The modern road is pushing more of us to this, reckons Monkey
Do you always make a point of thanking anyone who might deserve such a gesture? I do. Partly because I feel that motorists should afford each other more than basic courtesy, because it makes what has become a hostile environment a little more pleasant; partly because anyone who drives a white Porsche with a trestle table strapped to the boot needs every opportunity to smooth the territory and mitigate against regular slappings.
Where I live, you now have to enter a number plate to be issued a ticket. They tried this in my native Bristol in the late 90s, but the machines were calibrated for the old-style number plates, quickly became obsolete and the council didn't bother to update them. Sadly, such a machine now exists where I live.
Denying a motorist the chance to single-out another human being and say "Would you like my ticket, it still has an hour left on it" is one of the most short-sighted decisions ever made by local government. In those few words, you create a positive, human exchange that will only breed good feeling. Heaven forbid, people might actually then smile at each other and proffer further pleasantries.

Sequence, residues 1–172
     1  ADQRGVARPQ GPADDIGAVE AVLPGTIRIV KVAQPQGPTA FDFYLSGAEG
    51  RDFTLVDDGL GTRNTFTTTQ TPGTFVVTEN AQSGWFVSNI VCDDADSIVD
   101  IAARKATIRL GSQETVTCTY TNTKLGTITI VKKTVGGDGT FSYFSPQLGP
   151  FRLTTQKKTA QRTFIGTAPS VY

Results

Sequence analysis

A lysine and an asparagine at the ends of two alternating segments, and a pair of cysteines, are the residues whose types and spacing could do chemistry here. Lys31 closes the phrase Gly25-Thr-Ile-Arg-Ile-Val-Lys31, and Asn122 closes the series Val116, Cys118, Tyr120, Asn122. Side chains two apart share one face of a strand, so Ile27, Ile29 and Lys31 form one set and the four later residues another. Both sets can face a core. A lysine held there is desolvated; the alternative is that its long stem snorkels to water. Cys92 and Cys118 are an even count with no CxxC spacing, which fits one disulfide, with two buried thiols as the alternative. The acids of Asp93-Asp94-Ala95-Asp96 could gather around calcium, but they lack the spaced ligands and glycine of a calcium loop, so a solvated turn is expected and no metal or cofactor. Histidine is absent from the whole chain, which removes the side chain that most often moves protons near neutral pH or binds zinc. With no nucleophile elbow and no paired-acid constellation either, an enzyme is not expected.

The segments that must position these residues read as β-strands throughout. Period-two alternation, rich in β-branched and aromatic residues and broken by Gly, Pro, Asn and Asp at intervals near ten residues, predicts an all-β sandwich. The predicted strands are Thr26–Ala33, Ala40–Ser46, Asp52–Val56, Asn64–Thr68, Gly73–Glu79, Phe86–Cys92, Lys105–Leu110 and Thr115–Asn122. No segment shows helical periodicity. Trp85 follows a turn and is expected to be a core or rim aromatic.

Not being able to flag down a mother wrestling three children in an MPV and then save her the hassle of going to the machine, finding she's forgotten her purse, going again - and returning to find the gearlever uprooted by young Tommy - makes me feel sad.
The further we are forced to retreat into the hermetic seal of the motor car, to become isolated from other road users as lone, uncommunicative beings, the more hostile the roads will become. We could all do without that.